Grace Raymond is dancing her dream.
Having worked her way up from a mouse, a mouse lieutenant, a candy cane, a gumdrop, a friend, a snowflake, Arabian maiden and waltz finale member, Raymond finally got the email in September that made it true – “Congratulations Grace, you’ve been cast in the role of Clara.”
This is the dream role for most dancers in the holiday play favorite “The Nutcracker.”
“Ever since my first year in The Nutcracker, as the little girl, I have dreamed about performing as Clara,” Raymond said. “Now that it is here, I am so excited about performing and have thoroughly enjoyed rehearsals.”
When Raymond takes the stage for the Tchaikovsky classic, she will play a role she has been working toward getting for nearly eight years. The River Region Ballet is again presenting this seasonal favorite at 7:30 p.m. Friday and Saturday, Dec. 4-5, and on Sunday at 2 p.m. at the Destrehan High School Auditorium. A children’s matinee will be held 2 p.m. Dec. 5.
Just staging this production involves a cast of 85 performers.
Featured actors are Steven Fontenot as Uncle Drosselmeyer, Paul Sullivan as the Mouse King, Thomas Eli Brooks, as the Nutcracker, Warren Hovis as the grandfather and Mother Ginger, Henry Sorbet as Mr. Silberhaus, Megan Harms as Mrs. Silberhaus, and Brenden Oster as Fritz. Also performing in the Party scene are Darby Berthelot, Delaney Carson, Karrie Hovis, Joshua Hymel, Evan Keller, Shelley Keller, Robert Oster, Stacey Payne, and Erika Spengler.
“It’s been nerve-wracking and exciting at the same time,” said the 14-year-old of her performance. “I know when it comes to performances it’ll be good. It’s a lot of work, but it’s worth it.”
In this role, she has to dance and act, which is challenging to a teen whose focus has been dancing.“Before the performances, I’m really nervous, but once I’m on the stage it’s like, “I have this,” Raymond said. “And it happens.”
The Destrehan resident is practical and methodical about her life, acknowledging her success is based on hard work and not giving up.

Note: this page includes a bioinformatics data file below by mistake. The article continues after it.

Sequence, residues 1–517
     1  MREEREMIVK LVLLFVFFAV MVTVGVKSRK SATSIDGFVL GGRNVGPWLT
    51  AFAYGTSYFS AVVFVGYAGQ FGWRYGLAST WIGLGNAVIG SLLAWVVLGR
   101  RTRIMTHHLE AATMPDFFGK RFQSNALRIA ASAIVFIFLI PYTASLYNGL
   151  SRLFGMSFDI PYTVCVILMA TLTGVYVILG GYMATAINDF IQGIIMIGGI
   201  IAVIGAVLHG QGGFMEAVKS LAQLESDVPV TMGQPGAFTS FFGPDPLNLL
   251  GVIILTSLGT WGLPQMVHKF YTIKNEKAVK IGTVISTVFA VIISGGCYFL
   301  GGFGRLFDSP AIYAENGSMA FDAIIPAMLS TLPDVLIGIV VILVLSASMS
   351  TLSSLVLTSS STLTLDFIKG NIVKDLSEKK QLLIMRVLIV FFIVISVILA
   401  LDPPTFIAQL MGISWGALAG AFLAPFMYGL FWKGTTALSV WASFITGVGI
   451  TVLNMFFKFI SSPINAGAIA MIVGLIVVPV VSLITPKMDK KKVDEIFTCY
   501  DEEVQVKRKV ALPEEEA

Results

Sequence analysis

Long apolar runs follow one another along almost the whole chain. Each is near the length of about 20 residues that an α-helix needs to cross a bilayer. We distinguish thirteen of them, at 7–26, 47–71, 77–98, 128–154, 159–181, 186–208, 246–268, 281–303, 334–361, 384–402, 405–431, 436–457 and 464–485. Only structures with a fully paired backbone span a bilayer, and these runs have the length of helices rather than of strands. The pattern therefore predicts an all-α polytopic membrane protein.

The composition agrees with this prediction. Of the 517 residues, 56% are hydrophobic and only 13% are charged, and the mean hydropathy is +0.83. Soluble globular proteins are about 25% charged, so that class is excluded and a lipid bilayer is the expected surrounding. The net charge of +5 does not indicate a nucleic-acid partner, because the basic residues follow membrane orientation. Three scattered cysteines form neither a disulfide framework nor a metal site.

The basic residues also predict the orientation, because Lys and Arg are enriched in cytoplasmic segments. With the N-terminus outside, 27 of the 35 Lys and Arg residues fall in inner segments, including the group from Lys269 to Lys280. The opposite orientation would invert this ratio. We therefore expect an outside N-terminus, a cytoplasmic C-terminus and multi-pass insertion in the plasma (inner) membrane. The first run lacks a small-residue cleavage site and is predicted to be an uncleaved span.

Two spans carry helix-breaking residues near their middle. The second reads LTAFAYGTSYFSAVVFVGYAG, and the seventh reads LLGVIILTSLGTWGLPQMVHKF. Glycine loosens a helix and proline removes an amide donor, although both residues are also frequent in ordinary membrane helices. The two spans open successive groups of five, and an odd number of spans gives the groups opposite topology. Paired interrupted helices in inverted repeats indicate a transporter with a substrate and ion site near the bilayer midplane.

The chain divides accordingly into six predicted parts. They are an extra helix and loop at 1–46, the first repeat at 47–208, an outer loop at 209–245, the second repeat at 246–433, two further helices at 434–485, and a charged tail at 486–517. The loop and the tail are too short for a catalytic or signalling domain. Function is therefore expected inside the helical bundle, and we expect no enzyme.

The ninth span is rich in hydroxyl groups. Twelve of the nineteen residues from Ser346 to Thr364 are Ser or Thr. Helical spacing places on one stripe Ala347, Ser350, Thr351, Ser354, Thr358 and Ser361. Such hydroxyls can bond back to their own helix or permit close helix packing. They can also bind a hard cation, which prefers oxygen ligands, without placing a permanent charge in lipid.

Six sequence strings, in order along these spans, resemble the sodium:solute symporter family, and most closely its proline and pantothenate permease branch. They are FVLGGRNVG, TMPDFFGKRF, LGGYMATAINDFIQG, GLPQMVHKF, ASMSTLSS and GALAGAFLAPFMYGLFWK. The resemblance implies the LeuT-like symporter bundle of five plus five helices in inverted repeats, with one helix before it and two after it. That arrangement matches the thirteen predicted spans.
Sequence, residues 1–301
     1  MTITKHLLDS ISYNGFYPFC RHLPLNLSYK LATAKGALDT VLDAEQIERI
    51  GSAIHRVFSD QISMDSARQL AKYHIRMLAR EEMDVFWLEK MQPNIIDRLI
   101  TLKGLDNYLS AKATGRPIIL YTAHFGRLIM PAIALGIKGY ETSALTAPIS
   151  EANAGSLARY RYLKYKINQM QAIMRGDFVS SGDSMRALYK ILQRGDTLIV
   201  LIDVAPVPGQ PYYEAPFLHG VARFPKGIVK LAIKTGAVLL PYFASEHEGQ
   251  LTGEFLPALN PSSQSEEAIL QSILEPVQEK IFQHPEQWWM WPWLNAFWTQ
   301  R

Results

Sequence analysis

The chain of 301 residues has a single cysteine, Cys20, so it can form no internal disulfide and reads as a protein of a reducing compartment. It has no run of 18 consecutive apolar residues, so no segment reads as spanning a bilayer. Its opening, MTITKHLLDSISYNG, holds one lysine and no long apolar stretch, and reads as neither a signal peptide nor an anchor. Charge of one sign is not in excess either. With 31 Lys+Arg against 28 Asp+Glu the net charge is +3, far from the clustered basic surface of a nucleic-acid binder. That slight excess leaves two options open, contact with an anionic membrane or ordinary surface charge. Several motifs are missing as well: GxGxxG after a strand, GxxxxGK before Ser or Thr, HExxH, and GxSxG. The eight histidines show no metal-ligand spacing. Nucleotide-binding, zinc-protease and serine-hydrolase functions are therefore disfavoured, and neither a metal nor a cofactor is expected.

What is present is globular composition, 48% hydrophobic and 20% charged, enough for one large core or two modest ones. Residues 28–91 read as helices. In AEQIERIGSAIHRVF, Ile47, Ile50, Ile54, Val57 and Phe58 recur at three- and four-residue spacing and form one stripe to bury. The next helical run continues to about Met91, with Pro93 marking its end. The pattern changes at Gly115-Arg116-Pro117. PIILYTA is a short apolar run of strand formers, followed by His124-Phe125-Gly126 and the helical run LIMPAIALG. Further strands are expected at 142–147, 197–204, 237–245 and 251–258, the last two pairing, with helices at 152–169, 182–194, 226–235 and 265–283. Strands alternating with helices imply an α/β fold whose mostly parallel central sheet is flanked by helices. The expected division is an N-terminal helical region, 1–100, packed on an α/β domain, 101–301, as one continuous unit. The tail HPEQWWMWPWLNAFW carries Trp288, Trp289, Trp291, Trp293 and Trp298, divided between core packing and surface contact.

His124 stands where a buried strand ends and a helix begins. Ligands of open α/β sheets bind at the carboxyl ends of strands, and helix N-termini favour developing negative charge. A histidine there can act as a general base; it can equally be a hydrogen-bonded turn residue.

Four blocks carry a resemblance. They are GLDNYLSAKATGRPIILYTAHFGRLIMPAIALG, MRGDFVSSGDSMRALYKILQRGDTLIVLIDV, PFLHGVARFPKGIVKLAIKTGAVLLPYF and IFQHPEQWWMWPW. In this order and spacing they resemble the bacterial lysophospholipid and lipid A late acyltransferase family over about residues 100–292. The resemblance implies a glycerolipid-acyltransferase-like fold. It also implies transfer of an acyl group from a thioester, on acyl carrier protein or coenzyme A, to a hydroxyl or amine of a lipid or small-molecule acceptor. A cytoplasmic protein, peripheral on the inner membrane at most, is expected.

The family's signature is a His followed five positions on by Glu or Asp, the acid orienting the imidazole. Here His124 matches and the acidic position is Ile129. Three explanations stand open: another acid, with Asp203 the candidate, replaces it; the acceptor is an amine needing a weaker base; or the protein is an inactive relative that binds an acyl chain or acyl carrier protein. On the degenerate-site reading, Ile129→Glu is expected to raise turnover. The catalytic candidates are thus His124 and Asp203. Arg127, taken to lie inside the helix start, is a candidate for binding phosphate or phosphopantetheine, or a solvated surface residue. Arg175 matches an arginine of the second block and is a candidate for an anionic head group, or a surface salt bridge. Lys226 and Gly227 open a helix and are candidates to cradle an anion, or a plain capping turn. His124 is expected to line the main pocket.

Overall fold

A honor roll student at the Academy of the Sacred Heart, she is studying dancing at River Region Ballet School of Dance under the direction of ToniAnn Chetta and previously studied at Imagers Dance Studio for eight years. She performed in ballets such as The Sleeping Beauty, Peter and the Wolf, Thumbelina, The Fairy Garden, Cinderella and The Nutcracker.
She isn’t sure if dancing is her career, but she knows it’s her passion now and she gives it her all.
“It’s something I’ve loved to do for many years,” Raymond said. “It really shows a good way to communicate your feelings. It’s a good outlet for stress.”
As she stepped her role in the Nutcracker over these years, she understood playing the mouse opened the door to stepping her style as a dancer and learning from the older dancers.
“You can learn something new and you can see the older ones and you strive to dance like them and as well as they do,” Raymond said. “When I was a little girl in the Nutcracker I saw my sister dance as Clara and when I saw what fun she had and I wanted to dance as Clara. I saw other Claras and saw that each year it would be a different Clara and it would be cool to how much they were having with it.”
Her discipline comes from her dancing teachers, she said.Johanna Raymond, Grace’s mother, agreed.
“I have no idea,” she said of why her three daughters have gotten into dancing so much. In fact, Grace’s two older sisters have both played Clara. “It’s not me. It’s them because I was never a dancer.”
Even so, she said she’s proud of them and hopes her youngest, Grace, pursues dancing as a career.
“It’s exciting,” she said. “It’s unbelievable that this much time has gone by that she’s worked her way from a mouse in the Nutcracker to the star role of Clara.”
The considerable work that Grace has applied to dancing has translated into lots of practice, but Johanna said all her daughters love it and both she and their father, Bobby, want them to do something they enjoy.
For Grace, playing Clara has been her dream since she was a little girl, particularly after seeing her sisters in the role, which her mother adds, “She definitely wanted her shot.”
Tickets may be purchased at www.brownpapertickets.com. All seats are reserved. Tickets may also be purchased at the door: $25 full-length performances, $20 for Sugar Plum Matinee. Cash and checks only are accepted at the door.
The program is supported by a grant from United Way of St. Charles; the Louisiana Division of the Arts, Office of Cultural Development, Department of Culture, Recreation and Tourism in cooperation with the Louisiana State Arts Council as administered by the Arts Council New Orleans and by the River Region Arts and Humanities Council.